Officially launched in January 2012, The Trafficking Research Project is celebrating the successful completion of our first year. In retrospect, we’ve been busy – diving head-first into what has ultimately proven to be a productive and interesting initiation into the world of human trafficking research. Our first few months entailed extensive desk-based research on trafficking, alongside an effort to (re) establish connections to local and global expertise to inform our work. Luckily, Singaporean civil society organisations, researchers, and foreign representatives were receptive to meeting with us. This work provided us with an insight into human trafficking (and efforts to combat it) in Singapore as well as allowing us to develop an understanding of the sector and where we could best add value. It also resulted in a happy confluence of our previous experience and our organisational goals: to occupy the space between policy, research and practice.As the issue of human trafficking rose up the political agenda in Singapore, we drafted our first submission to the Singapore Government. Subsequently, we were invited to attend the launch of the National Plan of Action (NPA), and even featured in Channel 5’s news coverage of the event, though thankfully only in the background. We wrote a supplementary submission to the NPA, highlighting those areas we argued could be enhanced and developed further, while also acknowledging the positive step that the NPA represented for the Singapore Government.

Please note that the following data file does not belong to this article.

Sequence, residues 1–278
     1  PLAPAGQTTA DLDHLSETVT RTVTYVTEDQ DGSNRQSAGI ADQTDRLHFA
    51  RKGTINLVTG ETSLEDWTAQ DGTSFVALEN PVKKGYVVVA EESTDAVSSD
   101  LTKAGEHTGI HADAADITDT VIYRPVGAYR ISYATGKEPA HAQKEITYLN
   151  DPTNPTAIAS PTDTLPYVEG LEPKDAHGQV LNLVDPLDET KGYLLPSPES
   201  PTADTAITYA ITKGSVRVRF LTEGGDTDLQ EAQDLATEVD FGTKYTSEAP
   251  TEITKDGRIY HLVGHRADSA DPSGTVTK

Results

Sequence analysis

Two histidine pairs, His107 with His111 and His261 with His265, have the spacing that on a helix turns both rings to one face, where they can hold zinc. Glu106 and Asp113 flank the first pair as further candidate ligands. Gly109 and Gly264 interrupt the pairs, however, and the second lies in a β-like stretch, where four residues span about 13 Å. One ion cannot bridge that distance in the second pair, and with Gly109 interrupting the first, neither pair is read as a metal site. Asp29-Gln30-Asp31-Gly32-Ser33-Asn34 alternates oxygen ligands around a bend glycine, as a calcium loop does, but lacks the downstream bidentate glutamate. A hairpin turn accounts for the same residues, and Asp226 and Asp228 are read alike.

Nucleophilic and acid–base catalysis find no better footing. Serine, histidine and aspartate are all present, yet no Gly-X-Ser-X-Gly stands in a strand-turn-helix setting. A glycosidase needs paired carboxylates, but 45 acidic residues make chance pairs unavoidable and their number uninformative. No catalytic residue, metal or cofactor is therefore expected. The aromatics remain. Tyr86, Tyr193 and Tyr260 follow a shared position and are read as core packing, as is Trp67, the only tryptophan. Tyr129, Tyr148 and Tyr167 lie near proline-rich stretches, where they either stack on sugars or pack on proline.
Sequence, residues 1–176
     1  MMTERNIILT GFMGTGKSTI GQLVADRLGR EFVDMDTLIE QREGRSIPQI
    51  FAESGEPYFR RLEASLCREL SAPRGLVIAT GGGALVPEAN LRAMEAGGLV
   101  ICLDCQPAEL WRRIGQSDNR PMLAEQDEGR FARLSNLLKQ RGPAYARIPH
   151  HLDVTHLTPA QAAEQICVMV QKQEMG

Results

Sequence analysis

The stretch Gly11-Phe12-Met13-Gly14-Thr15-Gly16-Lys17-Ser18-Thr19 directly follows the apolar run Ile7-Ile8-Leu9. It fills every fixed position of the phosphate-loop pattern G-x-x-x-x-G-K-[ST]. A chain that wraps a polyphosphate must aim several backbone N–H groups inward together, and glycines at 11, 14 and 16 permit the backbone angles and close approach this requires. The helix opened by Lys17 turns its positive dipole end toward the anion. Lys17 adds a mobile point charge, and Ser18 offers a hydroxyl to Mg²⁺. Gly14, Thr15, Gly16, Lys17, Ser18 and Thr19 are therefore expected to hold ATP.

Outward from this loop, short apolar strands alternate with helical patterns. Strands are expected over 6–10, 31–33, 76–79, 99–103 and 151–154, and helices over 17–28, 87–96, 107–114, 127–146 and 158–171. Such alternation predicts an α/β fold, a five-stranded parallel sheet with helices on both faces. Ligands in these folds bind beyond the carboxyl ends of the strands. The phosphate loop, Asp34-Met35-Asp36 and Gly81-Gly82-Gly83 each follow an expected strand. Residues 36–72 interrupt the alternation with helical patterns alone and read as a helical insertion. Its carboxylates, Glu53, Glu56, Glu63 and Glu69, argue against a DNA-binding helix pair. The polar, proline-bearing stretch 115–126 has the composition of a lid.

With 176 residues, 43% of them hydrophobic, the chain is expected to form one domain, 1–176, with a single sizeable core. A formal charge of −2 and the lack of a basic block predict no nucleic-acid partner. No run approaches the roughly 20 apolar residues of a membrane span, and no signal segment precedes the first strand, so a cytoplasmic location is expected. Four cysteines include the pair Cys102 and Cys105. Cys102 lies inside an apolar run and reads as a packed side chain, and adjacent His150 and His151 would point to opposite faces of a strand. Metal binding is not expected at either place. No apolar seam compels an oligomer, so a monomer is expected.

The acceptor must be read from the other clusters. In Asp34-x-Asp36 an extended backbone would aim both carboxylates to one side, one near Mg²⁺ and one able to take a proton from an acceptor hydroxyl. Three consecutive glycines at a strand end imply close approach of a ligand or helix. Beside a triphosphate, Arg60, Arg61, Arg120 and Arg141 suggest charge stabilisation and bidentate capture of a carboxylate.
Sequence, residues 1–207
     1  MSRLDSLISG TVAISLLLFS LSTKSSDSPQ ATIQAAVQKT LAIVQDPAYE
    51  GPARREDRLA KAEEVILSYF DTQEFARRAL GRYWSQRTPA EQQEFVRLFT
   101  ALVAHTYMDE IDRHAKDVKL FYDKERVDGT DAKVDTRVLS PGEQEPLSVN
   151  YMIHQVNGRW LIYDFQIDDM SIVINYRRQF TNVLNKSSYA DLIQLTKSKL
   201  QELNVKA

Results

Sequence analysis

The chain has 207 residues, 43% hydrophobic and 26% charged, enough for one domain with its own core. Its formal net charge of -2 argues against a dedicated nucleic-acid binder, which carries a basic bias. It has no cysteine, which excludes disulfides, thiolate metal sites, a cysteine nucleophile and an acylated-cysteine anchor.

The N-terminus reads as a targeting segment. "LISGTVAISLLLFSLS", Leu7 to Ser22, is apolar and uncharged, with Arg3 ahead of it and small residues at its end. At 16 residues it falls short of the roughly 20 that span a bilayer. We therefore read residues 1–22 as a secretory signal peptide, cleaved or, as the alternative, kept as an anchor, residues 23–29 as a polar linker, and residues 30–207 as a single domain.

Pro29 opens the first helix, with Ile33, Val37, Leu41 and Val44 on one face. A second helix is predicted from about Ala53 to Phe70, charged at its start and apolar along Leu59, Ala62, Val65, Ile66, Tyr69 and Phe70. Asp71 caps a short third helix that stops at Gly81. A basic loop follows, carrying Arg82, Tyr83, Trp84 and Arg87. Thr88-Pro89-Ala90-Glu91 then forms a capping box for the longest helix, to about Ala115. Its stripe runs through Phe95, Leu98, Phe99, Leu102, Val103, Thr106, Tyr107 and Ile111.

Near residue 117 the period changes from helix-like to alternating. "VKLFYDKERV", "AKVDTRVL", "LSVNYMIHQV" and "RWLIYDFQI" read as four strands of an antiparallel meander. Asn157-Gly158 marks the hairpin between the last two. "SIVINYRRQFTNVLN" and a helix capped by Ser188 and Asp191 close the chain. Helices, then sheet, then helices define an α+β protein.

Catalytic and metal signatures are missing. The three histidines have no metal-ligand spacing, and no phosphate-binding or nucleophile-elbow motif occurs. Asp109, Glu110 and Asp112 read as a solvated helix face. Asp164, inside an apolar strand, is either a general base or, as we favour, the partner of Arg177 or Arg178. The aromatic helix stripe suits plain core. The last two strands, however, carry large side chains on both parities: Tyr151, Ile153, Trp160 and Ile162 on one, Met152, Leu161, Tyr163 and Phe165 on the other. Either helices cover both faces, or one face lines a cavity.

In April, together with HOME, we convened the inaugural NGO forum on human trafficking. Drawing together a wide range of organisations working on issues including anti-trafficking, labour exploitation, women’s rights and health, the NGO forum provides an opportunity to enhance relationships between civil society organisations and develop best practice. The forum issued a statement calling on increased collaboration between the Singapore Government and civil society. Alongside the work of the forum, in October TTRP highlighted our concerns regarding the lack of publicly available information concerning the NPA six months after inception; especially considering Government emphasis on partnership and civil society engagement, during the consultation process and contained within the NPA itself.